Priority Update:

The Hospice Care Conundrum: Ensuring Quality Amidst Rapid Growth

The hospice sector, a critical pillar in providing end-of-life care, is currently navigating a tumultuous phase. It faces increased government oversight, rising labor challenges, and the introduction of new regulations aimed at addressing problematic business practices. These issues reflect wider trends in healthcare, yet they are acutely amplified in the hospice context due to America’s rapidly aging population. This demographic shift is turning hospice into a veritable pressure cooker, illustrating the extensive challenges inherent in geriatric care as a whole.

Data from the 2020 U.S. Census reveals that approximately one in six Americans are aged 65 or older. By 2030, this ratio is anticipated to rise to one in five. Additionally, the segment of the population aged 75 and older is expected to double compared to its count in 2008. The Centers for Disease Control and Prevention (CDC) corroborates this trend, estimating that the number of Americans aged 65 and older will surpass 71 million, with those aged 80 and older expected to increase from 9.3 million in 2000 to 19.5 million in 2030.

The economic implications of this demographic shift are staggering. In California, for example, ‘personal care aides’ are predicted to become the largest occupation in the state by 2026, leading to a potential shortfall of up to 3.2 million direct care workers. Meanwhile, the hospice sector is experiencing difficulties in attracting and retaining both nurses and non-clinical caretakers. This sector faces a distinct set of challenges: the psychological and physical demands on staff are often disproportionate to the compensation they receive, compared to other healthcare areas. This imbalance not only discourages new entrants into the hospice care field but also prompts current professionals to seek more favorable opportunities elsewhere.

In the face of these escalating pressures, 2023 has witnessed a notable surge in advocacy efforts by hospice workers. Their primary demands focus on expanding staffing levels and reducing individual caseloads. This shift towards active advocacy is also accompanied by an increasing trend in unionization among hospice workers and homecare nurses, particularly gaining traction in states like California and Oregon. While the prospect of improved benefits could potentially attract more workers, it also raises concerns about increased employment costs, which might inadvertently limit further hiring and exacerbate staffing shortages.

For now, the most critical issue impacting patient care is an ongoing inability of hospice providers to accommodate all those in need. Resource constraints have led to a troubling trend of patient rejections. Nationally, the patient rejection rate has escalated sharply, soaring from approximately 25% pre-pandemic to a staggering 41% at its height. For families endeavoring to secure hospice care for a loved one, whether in a facility or at home, the scarcity of resources can translate into lengthy waiting lists and frantic searches for available beds or home assistants. This often involves an exhaustive process of contacting numerous providers until a suitable option becomes available.

Meanwhile, hospice providers have also been confronted with public allegations of employer misconduct. These allegations encompass a range of issues, including litigation around off-the-clock work, failure to provide mandated meal or rest breaks, and inaccuracies in calculating overtime pay. Concurrently, the industry has come under fire for unethical practices, notably in the realm of predatory business tactics. A pivotal moment came in December 2020 when the Los Angeles Times published an extensive investigation into the hospice industry in Los Angeles County. The investigation revealed that over the previous decade, the number of hospices in the county had increased sixfold, representing half of all certified hospice providers in California. The report shed light on intense competition for new patients — who generate significant Medicare payments daily — and the emergence of illicit practices, such as kickbacks to doctors and recruiters.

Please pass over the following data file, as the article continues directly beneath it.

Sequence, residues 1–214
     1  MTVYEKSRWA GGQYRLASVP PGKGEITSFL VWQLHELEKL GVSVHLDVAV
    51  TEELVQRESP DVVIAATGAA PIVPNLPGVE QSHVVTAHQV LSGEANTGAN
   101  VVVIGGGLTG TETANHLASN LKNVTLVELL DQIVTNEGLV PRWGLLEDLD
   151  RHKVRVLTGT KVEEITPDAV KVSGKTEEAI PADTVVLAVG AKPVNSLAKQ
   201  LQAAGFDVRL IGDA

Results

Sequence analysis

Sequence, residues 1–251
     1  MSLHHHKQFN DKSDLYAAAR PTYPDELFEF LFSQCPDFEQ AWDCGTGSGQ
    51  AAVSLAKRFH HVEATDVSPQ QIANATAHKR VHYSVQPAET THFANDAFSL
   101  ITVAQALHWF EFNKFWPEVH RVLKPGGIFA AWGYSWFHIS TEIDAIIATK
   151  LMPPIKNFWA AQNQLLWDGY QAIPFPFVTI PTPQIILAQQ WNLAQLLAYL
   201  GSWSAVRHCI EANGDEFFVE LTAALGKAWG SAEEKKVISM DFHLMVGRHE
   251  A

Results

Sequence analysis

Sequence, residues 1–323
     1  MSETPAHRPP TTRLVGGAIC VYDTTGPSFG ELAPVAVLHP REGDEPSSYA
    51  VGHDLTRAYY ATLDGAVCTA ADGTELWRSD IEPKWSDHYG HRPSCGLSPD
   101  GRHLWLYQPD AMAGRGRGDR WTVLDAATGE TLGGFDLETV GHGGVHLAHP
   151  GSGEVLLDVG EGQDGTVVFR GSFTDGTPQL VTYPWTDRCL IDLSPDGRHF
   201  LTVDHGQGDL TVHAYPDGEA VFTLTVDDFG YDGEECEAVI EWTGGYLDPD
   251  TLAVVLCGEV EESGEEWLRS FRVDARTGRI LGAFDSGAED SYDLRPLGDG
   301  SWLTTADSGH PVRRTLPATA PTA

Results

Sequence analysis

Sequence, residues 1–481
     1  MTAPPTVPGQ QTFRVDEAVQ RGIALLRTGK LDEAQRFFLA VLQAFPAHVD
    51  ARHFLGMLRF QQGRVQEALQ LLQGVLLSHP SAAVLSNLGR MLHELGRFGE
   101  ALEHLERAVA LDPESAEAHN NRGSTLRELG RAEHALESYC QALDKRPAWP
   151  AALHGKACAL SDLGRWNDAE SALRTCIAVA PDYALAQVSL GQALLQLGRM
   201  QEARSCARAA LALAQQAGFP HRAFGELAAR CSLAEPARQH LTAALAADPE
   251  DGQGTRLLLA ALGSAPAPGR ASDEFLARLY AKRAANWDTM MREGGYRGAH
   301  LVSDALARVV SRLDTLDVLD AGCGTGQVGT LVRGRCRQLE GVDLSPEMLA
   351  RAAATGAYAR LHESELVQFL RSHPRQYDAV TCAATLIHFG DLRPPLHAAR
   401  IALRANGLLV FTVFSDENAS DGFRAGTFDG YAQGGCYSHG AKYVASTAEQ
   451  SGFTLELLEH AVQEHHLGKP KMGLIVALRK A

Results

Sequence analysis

In response to these challenges, California’s legislature has enacted two significant pieces of legislation: Assembly Bill 1280, aimed at curbing unethical compensation practices, and Senate Bill 664, which imposed a moratorium on new hospice licenses to regulate industry growth. This moratorium, effective since January 2022, is scheduled to expire on January 1, 2027, though the California State Auditor may recommend an earlier repeal. Given the escalating demographic trends, there is a valid debate over whether the moratorium on new hospices is the most effective approach to addressing the industry’s problems.

On the federal level, the Centers for Medicare & Medicaid Services (CMS) is gearing up to implement new regulations in 2024, including the Hospice Special Focus Program (SFP), aimed at intensifying oversight. This program’s objective is to identify hospice providers that are underperforming based on specific quality indicators, enabling CMS to select certain hospices for enhanced scrutiny to ensure compliance with Medicare requirements. Providers selected for the SFP must either successfully complete the program or face termination from the Medicare program.

However, it is noteworthy that neither state nor federal measures directly address the critical issue of labor shortages in the hospice industry. This gap highlights a growing tension between the need to meet increasing demand and the obligation to provide safe and responsible care. As these demographic pressures continue to mount, this challenge is expected to become even more acute in the years ahead.

Tara A. Davidoff, Attorney, Nelson Hardiman

Yehuda Hausman, Law Clerk, Nelson Hardiman

Nelson Hardiman LLP

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